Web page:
Visit Bolt

Our Hours

Mon–Fri, 10 am – 6 pm
Saturday, 10 am – 5 pm
Sunday, 11 am – 4 pm

Our Location

2136 NE Alberta St
Portland, OR 97211
503.287.bolt

Let's Get Social

Instagram

Bolt Neighborhood. Get yours at bighugelabs.com

Search
Subscribe via Email

Your email address:

Pattern Review: Super Tote

 You may just find yourself saying super quite often while making this. 

 The details are what makes this bag super.  

There is a pleated gusset, zipper closure, multiple elasticized, segmented inside pockets and a giant outside pocket with a magnetic closure.  Sounds like a lot of work but this bag is pretty straight forward to put together.

Most of the details are optional if you are looking for a basic, nice shaped bag. The large outer pieces do offer the opportunity to highlight a nice big print if that is your style. I was trying to make a not too girlie version of this bag. I could see it being a good mid sized diaper bag.

 

 The main challenge of mine before starting this project was picking the right weight of fabric. The directions recommend that if you are using quilting weight fabric to add a layer of canvas between the inner and outer pieces. If one uses a heavy weight fabric on the outside no need for the extra layer. I did eventually just pick what I liked and did not worry about the weights. I went with a heavier option for the gusset and half of my straps. The outer pocket, shown above I originally had planned on using a quilting weight. I made a mistake somewhere in cutting, the layout was tight. I ended up using a scrap from my other fabric to make it work. A happy accident!

 

I mixed weights of fabric. The heavy weight fabric is a crosshatch from Alexander Henry. The quilting weight fabric is from Parson Grey’s Vagabond line, called “Souk” in a night sky color way. The lining I would call a medium weight it is a crossweave from Moda.

The pattern also gives some suggestions for interfacing. As per usual I opted to use stacey shapeflex as my main interfacing. I also wanted to try out craft fuse (the pattern calls for either or). I used craft fuse for the gusset in the lining piece. I really had a hard time working with it because it was so stiff. Looking back the craft fuse really helped this bag keep it’s shape. I would opt to interface a few pieces of the lining that were not called for in the pattern if  I were to make it again, and mix weights of fabric.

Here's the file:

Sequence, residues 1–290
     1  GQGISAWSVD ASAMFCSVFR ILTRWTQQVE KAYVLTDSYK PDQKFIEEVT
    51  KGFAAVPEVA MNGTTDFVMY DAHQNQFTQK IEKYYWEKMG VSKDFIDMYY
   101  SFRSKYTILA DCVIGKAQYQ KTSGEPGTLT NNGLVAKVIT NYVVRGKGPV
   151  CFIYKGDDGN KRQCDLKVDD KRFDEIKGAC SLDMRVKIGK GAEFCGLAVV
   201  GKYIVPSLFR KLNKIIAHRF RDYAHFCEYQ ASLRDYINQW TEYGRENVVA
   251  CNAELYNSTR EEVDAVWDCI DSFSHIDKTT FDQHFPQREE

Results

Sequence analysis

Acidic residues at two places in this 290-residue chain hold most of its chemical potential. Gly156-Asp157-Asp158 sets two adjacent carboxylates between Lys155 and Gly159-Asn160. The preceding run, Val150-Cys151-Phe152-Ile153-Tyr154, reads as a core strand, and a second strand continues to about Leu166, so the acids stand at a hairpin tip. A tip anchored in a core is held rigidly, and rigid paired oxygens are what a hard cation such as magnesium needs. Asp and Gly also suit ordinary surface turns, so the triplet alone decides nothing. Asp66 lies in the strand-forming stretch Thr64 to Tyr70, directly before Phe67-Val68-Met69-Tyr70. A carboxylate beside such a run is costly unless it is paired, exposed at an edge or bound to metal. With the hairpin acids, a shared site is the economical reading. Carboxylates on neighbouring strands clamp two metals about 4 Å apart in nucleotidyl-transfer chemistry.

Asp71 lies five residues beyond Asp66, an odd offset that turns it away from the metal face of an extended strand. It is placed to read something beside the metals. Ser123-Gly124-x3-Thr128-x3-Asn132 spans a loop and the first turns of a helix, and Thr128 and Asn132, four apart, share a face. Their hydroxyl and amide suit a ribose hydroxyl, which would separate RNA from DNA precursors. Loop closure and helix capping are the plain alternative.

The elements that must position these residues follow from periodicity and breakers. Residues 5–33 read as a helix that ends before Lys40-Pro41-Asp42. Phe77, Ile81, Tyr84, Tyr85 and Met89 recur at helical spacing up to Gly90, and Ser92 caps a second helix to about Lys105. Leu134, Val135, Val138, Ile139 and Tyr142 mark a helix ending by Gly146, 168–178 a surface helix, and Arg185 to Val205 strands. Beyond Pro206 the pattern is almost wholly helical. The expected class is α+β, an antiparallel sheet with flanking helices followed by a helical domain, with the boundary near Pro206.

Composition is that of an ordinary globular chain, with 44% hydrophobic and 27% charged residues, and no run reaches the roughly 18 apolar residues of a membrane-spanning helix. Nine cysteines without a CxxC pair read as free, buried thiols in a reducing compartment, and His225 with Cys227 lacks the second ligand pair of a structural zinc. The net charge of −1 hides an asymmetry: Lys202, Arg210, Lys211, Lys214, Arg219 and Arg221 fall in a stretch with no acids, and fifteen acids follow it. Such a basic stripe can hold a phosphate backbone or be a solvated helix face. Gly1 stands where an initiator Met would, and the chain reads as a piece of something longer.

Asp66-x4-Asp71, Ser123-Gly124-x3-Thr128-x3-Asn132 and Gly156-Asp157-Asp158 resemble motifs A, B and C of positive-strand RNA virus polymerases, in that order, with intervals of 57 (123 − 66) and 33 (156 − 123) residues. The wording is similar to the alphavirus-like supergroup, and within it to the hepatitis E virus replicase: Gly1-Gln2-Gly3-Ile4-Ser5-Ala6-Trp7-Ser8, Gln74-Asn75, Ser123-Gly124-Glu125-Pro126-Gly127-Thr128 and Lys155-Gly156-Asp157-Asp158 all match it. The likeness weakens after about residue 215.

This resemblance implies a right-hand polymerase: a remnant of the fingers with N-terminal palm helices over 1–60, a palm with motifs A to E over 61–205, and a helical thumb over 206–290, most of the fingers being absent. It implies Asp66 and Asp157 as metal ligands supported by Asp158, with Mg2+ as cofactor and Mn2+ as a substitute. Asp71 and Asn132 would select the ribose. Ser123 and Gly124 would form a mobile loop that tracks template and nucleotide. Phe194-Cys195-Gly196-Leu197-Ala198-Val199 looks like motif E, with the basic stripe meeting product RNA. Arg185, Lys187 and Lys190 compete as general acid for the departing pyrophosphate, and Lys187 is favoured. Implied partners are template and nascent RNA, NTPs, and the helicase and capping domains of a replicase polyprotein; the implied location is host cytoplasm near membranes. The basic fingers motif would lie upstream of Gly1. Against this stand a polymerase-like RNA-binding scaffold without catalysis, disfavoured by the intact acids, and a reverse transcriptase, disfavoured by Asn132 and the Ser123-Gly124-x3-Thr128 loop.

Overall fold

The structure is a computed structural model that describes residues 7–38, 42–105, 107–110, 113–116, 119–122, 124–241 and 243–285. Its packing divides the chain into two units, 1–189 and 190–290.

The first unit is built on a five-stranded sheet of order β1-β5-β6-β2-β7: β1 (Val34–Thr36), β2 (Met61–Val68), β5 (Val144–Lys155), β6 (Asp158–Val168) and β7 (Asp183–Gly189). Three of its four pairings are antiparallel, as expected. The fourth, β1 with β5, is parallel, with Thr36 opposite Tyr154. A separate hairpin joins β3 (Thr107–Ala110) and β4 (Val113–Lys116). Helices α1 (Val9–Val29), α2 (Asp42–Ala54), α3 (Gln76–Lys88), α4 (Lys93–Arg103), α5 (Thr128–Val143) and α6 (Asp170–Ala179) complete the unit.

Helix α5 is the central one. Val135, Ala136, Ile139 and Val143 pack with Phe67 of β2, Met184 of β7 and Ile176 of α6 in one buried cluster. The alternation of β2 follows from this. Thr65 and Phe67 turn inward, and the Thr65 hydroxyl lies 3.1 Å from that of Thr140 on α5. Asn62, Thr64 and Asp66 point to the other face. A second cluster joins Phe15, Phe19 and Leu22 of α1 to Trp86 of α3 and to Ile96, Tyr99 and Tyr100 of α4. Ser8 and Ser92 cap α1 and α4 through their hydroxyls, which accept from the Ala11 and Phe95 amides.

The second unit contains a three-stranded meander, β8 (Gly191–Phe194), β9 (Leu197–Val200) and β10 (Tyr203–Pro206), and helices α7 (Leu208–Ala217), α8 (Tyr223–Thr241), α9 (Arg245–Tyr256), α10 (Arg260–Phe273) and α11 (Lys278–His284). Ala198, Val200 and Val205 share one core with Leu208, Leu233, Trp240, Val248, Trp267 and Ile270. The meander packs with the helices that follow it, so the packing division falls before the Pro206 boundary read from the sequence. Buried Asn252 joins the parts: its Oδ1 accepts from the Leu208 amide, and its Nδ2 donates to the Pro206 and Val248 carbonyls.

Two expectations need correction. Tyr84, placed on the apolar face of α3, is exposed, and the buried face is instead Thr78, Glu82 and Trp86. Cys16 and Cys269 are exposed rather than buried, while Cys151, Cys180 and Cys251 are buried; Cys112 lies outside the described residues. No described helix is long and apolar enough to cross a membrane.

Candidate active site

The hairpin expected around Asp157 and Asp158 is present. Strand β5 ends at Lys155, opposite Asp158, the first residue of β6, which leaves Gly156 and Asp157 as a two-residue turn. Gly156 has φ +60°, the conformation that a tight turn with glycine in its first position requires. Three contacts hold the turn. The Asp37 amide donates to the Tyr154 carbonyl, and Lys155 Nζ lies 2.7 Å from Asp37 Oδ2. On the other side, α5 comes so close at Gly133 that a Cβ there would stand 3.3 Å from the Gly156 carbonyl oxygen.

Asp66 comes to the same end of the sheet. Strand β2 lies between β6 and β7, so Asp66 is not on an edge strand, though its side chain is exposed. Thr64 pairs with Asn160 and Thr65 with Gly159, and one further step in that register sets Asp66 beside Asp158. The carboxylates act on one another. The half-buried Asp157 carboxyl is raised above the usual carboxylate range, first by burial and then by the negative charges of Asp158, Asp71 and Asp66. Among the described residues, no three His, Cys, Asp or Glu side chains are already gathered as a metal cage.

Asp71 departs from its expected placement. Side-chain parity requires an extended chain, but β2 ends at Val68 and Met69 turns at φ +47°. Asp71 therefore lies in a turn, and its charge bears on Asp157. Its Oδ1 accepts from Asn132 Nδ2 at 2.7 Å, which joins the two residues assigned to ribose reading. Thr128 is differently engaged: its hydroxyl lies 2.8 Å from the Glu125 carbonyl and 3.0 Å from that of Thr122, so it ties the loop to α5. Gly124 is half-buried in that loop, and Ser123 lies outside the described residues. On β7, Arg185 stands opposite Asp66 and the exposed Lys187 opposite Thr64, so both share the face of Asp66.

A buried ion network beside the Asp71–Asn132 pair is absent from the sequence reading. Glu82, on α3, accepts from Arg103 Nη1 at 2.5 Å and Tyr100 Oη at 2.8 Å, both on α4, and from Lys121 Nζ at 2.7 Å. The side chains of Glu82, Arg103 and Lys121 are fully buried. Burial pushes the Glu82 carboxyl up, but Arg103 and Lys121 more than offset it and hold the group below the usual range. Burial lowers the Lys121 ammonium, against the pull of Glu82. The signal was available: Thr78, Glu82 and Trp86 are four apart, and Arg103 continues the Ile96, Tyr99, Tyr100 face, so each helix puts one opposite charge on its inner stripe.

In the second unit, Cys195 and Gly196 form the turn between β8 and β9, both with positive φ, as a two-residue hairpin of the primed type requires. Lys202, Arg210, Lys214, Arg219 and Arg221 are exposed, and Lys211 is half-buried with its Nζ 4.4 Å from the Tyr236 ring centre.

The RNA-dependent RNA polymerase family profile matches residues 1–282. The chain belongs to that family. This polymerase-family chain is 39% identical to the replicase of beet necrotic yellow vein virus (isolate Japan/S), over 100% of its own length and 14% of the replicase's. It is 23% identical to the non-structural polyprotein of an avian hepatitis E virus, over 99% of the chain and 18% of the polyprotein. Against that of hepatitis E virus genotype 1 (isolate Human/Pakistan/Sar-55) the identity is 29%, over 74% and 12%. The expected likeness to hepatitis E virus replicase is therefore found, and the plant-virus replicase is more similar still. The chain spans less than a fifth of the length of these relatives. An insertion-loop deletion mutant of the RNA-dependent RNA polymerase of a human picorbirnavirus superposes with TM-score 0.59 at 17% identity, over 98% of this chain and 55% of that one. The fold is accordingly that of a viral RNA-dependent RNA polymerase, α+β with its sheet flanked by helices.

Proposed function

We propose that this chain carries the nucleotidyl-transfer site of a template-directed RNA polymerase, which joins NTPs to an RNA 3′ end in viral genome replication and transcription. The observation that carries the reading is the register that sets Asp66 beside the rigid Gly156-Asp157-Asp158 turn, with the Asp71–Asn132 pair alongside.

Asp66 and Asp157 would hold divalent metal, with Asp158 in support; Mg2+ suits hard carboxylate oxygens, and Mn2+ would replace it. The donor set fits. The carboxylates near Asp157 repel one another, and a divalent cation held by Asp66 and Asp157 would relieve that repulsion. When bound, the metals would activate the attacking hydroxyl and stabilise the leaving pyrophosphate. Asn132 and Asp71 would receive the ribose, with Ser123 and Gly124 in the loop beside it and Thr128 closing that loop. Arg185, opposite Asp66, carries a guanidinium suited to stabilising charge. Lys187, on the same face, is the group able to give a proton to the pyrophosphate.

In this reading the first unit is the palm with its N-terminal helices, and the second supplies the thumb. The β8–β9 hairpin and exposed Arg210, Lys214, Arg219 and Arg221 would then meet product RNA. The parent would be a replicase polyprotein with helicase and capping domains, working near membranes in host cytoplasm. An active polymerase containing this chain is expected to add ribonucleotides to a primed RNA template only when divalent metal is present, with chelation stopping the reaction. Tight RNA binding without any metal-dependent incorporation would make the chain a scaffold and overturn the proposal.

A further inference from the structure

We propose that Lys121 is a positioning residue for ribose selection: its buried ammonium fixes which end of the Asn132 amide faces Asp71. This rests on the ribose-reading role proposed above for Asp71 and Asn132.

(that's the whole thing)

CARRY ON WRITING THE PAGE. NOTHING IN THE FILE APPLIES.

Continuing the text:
Stop in, check it out and make your own super tote!

 

 

 

 

Fat (Quarter) Tuesday!

by gina

We’re doing it again.  Celebrate Fat Tuesday (tomorrow!) by stopping in for some fat quarters.  All of our fat quarters will be a mere $2.75 each! 

All of the beautiful bundles from Westminster Fibers/ Free Spirit will be marked down 10%.  Come and get ‘em.  And, for some inspiration, here are some ideas of patterns which will put your quarters to use.

 

 

getting cozy

-by Amy    When the weather is cold and rainy here, I long to snuggle up with a good book and wait for spring. Recently I was given a Kindle e-book reader as a gift, and I wasn’t sure if I would like the technological intrusion on my “cozy time.” I tend to be pretty casual with my analog books, tossing them into my bag and taking them everywhere with me, a holdover from childhood when I couldn’t be separated from whatever I happened to be reading. This little felt cozy protects my new device from bumps and scratches, and puts a little warmth back into my reading experience.

A little measuring,

…a little sewing,

 …a little cutting.

        I love working with our wool/rayon blend felt. It’s great for quick crafts and gifts. The colors are so rich, and it is remarkably durable. I made the green iPad cozy about two years ago, and it is only now starting to wear at the corners. For the Kindle cozy I used two layers of felt, and I expect it will be nearly indestructable. What else can I wrap up in felt?